Body Closest approach Farthest approach
Galaxy Perigalacticon Apogalacticon
Star Periastron Apastron
Black hole Perimelasma/Perinigricon Apomelasma/Aponigricon
Sun Perihelion Aphelion[1]
Mercury Perihermion Apohermion
Venus Pericytherion/Pericytherean/Perikrition Apocytherion/Apocytherean/Apokrition
Earth Perigee Apogee
Moon Periselene/Pericynthion/Perilune Aposelene/Apocynthion/Apolune
Mars Periareion Apoareion
Jupiter Perizene/Perijove Apozene/Apojove
Saturn Perikrone/Perisaturnium Apokrone/Aposaturnium
Uranus Periuranion Apouranion
Neptune Periposeidion Apoposeidion
Pluto Perihadion Apohadion

Since "peri" and "apo" are Greek, it is considered by some purists[2] more correct to use the Greek form for the body, giving forms such as '-zene' for Jupiter and '-krone' for Saturn. The daunting prospect of having to maintain a different word for every orbitable body in the solar system (and beyond) is the main reason why the generic '-apsis' has become the almost universal norm.

  • In the Moon's case, in practice all three forms are used, albeit very infrequently. The '-cynthion' form is, according to some, reserved for artificial bodies, whilst others reserve '-lune' for an object launched from the Moon and '-cynthion' for an object launched from elsewhere. The '-cynthion' form was the version used in the Apollo Project, following a NASA decision in 1964.
  • For Venus, the form '-cytherion' is derived from the commonly used adjective 'cytherean'; the alternate form '-krition' (from Kritias, an older name for Aphrodite) has also been suggested.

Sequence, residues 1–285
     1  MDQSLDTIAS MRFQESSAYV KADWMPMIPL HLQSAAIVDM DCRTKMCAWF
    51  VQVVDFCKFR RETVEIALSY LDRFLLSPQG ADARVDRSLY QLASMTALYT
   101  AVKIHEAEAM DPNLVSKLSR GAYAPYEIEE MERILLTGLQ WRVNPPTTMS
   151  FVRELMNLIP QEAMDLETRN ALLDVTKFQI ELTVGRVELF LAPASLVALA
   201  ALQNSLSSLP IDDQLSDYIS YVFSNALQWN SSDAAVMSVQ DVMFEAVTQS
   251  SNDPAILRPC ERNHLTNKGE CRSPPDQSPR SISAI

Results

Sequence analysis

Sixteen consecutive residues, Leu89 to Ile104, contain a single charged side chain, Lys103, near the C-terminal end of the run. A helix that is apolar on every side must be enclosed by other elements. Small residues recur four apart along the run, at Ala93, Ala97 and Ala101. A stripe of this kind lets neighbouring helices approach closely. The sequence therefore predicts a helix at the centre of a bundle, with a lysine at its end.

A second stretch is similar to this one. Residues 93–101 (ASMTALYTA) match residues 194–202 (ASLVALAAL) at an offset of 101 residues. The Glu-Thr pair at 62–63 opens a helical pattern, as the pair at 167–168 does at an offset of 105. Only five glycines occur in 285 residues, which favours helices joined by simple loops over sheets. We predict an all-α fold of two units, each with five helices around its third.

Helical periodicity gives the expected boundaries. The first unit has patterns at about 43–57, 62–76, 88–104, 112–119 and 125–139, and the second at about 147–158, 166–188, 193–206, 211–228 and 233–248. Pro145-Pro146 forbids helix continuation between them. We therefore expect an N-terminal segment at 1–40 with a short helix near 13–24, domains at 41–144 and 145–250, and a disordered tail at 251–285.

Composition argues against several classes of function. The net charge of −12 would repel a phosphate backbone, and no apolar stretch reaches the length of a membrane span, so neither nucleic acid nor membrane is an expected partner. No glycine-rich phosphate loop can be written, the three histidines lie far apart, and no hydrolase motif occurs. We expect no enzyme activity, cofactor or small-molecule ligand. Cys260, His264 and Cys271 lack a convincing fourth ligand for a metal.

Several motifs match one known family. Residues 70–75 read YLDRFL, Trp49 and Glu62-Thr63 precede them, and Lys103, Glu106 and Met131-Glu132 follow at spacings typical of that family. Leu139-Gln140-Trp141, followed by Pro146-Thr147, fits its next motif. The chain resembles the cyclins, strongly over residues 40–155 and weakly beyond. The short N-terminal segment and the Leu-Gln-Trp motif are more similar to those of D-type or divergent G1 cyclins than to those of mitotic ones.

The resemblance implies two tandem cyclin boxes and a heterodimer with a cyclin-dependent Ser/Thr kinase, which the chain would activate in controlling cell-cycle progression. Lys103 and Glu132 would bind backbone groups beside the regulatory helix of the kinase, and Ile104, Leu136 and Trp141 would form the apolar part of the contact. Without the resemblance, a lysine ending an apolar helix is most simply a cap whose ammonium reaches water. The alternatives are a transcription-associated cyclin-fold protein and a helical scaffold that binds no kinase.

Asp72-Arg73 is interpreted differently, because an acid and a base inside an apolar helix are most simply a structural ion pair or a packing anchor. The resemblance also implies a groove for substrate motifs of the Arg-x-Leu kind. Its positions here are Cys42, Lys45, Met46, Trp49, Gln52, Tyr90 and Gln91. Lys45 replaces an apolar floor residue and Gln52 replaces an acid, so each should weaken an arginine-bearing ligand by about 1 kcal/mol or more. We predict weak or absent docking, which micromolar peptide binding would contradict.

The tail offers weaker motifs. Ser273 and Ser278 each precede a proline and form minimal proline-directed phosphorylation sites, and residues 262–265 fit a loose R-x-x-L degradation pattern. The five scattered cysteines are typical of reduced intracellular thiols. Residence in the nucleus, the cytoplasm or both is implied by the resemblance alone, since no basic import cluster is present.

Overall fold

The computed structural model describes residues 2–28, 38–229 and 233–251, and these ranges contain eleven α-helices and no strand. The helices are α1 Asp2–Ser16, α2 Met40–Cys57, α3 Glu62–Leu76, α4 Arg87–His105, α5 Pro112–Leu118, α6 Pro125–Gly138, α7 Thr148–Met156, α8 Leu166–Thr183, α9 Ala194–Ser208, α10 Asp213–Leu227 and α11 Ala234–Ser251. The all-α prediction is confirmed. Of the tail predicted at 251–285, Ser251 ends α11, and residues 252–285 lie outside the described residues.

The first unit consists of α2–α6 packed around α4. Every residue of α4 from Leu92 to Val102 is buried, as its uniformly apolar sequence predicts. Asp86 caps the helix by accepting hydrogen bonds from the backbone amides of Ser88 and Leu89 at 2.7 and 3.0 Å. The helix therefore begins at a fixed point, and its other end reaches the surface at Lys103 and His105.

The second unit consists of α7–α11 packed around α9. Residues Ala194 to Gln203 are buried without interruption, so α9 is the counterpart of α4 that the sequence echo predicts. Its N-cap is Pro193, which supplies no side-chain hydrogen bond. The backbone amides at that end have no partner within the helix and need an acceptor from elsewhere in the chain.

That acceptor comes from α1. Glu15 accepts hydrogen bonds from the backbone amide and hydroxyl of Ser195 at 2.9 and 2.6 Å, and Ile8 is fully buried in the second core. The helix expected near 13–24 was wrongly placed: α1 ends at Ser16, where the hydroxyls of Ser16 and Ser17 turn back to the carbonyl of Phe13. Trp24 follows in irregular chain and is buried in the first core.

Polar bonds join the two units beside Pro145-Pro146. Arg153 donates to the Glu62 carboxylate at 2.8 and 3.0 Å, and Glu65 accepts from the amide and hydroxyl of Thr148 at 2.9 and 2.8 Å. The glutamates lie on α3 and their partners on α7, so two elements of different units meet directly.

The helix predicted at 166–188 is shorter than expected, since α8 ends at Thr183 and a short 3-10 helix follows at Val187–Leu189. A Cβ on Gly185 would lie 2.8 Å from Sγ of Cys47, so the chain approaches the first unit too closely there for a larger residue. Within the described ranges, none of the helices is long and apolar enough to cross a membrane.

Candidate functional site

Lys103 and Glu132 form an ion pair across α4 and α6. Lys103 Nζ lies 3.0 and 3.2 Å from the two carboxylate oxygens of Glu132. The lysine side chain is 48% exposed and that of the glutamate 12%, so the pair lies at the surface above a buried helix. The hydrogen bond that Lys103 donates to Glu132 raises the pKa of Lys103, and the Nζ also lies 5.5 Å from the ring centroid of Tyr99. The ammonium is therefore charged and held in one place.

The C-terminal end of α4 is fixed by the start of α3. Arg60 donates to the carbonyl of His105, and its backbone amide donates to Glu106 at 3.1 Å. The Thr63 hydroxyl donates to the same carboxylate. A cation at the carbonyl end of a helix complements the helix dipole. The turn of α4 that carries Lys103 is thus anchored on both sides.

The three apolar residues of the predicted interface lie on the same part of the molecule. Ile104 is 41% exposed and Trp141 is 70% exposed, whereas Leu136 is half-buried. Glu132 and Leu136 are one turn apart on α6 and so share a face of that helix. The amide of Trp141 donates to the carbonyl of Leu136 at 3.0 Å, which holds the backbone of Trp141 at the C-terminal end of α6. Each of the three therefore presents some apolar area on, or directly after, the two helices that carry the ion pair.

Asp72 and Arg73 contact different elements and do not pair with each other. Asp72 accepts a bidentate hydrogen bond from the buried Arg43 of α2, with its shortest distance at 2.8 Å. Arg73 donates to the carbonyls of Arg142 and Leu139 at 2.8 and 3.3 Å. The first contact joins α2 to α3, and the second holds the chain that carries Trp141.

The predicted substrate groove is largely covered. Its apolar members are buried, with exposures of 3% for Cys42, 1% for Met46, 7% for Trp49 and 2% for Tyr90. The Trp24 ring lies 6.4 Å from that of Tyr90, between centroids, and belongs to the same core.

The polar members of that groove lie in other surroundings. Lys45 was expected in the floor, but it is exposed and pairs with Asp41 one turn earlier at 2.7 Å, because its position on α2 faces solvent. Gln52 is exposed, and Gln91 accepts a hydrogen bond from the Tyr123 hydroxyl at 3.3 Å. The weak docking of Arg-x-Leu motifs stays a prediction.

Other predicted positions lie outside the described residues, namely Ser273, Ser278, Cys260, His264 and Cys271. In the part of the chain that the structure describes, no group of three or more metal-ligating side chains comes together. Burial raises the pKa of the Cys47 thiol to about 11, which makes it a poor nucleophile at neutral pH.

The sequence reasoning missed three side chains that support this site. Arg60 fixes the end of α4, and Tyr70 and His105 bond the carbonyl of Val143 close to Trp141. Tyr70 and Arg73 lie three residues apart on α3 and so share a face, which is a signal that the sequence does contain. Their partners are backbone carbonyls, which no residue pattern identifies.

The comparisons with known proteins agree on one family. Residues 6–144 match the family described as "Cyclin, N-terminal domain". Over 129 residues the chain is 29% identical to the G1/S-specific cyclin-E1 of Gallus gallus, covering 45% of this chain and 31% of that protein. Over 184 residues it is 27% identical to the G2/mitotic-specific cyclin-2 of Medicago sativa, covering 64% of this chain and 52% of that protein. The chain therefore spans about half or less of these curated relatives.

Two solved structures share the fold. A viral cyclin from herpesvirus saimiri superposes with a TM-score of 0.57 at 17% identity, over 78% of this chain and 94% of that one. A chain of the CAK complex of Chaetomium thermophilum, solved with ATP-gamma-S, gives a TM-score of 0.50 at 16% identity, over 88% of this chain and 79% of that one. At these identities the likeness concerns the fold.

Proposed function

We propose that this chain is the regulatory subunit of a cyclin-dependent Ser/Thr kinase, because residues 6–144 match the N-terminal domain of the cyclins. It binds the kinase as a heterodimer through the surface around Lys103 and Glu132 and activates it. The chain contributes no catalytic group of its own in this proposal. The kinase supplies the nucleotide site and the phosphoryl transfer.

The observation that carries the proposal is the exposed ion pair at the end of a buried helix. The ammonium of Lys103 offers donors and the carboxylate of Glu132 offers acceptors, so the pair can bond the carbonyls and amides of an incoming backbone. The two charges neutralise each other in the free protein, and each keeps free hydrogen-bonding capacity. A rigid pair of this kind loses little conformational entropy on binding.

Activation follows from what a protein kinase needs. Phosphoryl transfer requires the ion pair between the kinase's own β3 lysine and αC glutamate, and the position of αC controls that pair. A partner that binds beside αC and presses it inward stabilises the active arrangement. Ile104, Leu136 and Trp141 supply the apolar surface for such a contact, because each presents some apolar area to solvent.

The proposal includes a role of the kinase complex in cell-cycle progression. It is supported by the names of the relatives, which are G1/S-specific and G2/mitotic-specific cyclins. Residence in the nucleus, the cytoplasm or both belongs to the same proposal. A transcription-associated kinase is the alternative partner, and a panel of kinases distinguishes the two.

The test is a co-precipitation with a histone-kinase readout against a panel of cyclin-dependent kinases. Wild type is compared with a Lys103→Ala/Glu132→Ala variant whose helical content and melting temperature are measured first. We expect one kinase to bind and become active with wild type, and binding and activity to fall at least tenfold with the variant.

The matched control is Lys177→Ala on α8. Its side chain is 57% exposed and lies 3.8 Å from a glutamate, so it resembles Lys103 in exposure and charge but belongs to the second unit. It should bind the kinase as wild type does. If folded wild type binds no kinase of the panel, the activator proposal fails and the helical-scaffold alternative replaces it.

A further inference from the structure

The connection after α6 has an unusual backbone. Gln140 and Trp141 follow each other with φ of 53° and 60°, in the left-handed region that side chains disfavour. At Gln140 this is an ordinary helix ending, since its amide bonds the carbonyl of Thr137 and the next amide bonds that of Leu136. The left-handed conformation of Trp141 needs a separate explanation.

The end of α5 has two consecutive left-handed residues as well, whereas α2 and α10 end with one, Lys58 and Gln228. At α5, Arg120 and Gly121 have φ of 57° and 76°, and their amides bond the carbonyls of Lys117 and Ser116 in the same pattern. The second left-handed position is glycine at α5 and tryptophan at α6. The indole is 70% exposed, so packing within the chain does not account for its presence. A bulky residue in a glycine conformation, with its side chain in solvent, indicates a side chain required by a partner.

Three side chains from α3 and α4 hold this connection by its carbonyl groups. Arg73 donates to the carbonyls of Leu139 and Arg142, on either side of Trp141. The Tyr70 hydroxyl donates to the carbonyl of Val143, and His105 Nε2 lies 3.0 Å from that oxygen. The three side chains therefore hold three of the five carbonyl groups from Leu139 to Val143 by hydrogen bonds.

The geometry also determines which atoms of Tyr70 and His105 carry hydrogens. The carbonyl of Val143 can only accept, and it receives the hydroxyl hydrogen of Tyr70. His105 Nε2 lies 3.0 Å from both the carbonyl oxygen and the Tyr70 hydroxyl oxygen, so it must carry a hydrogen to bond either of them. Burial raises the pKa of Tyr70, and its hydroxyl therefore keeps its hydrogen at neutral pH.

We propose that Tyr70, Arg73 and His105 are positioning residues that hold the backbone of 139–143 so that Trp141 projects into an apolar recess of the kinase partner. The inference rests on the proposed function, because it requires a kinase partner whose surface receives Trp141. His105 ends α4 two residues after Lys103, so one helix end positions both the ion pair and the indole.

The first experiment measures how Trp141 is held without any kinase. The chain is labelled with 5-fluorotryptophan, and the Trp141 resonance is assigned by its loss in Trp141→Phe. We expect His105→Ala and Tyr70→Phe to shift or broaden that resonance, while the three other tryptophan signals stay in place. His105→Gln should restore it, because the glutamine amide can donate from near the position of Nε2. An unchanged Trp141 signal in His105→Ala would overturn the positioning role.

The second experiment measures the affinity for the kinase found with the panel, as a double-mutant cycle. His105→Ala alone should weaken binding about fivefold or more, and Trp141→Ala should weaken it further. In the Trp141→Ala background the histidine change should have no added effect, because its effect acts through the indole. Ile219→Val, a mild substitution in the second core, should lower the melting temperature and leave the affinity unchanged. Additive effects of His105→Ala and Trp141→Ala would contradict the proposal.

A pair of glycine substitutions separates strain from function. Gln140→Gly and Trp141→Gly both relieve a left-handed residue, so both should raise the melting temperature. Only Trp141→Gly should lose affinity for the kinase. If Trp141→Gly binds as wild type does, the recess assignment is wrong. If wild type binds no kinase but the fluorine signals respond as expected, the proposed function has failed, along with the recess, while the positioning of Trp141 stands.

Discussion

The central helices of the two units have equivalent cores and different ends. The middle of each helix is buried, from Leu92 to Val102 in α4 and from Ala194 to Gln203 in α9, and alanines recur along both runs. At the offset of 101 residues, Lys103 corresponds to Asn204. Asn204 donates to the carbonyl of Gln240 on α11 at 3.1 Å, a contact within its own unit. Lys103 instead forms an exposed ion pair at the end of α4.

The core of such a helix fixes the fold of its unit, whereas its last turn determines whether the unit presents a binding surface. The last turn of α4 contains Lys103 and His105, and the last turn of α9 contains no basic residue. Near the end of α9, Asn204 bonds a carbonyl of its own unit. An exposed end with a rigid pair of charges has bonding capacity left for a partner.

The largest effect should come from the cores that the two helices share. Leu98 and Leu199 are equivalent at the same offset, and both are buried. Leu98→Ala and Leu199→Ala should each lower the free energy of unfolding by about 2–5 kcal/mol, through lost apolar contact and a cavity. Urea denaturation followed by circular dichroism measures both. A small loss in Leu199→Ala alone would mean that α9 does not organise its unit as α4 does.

• For Jupiter, the '-jove' form is occasionally used by astronomers whilst the '-zene' form is never used, like the other pure Greek forms ('-areion' (Mars), '-hermion' (Mercury), '-krone' (Saturn), '-uranion' (Uranus), '-poseidion' (Neptune) and '-hadion' (Pluto)).

Earth's perihelion and aphelion

The Earth is closest to the Sun in early January and farthest in early July. The relation between perihelion, aphelion and the Earth's seasons changes over a 21,000 year cycle. This anomalistic precession contributes to periodic climate change (see Milankovitch cycles).

The day and hour of these events for the next few years are:[3]

Year Perihelion Aphelion
2007 Jan 3 20Z July 7 00Z
2008 Jan 3 00Z July 4 08Z
2009 Jan 4 15Z July 4 02Z
2010 Jan 3 00Z July 6 11Z
2011 Jan 3 19Z July 4 15Z
2012 Jan 5 00Z July 5 03Z
2013 Jan 2 05Z July 5 15Z
2014 Jan 4 12Z July 4 00Z
2015 Jan 4 07Z July 6 19Z
2016 Jan 2 23Z July 4 16Z

See also

Notes and references

  1. Properly pronounced 'affelion' because the (neo) Greek is αφήλιον, although the hypercorrection 'ap-helion' is commonly heard.
  2. "Apsis". Glossary of Terms. National Solar Observatory. February 21, 2005. Retrieved 2006-09-30.
  3. Earth's Seasons Equinoxes, Solstices, Perihelion, and Aphelion - 2000-2020 — U.S. Naval Observatory, Astronomical Applications Department; 2003-10-30 (accessed 2007-05-06).

External links